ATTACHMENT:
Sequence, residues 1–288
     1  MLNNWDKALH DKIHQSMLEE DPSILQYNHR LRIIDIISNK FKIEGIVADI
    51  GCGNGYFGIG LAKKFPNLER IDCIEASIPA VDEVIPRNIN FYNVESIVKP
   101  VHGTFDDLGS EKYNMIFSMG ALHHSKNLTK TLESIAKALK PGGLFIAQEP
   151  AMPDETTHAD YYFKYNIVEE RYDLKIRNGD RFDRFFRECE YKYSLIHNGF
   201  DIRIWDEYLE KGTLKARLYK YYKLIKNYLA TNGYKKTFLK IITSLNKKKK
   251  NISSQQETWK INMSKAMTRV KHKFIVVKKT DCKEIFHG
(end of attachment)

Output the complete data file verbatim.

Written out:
Sequence, residues 1–288
     1  MLNNWDKALH DKIHQSMLEE DPSILQYNHR LRIIDIISNK FKIEGIVADI
    51  GCGNGYFGIG LAKKFPNLER IDCIEASIPA VDEVIPRNIN FYNVESIVKP
   101  VHGTFDDLGS EKYNMIFSMG ALHHSKNLTK TLESIAKALK PGGLFIAQEP
   151  AMPDETTHAD YYFKYNIVEE RYDLKIRNGD RFDRFFRECE YKYSLIHNGF
   201  DIRIWDEYLE KGTLKARLYK YYKLIKNYLA TNGYKKTFLK IITSLNKKKK
   251  NISSQQETWK INMSKAMTRV KHKFIVVKKT DCKEIFHG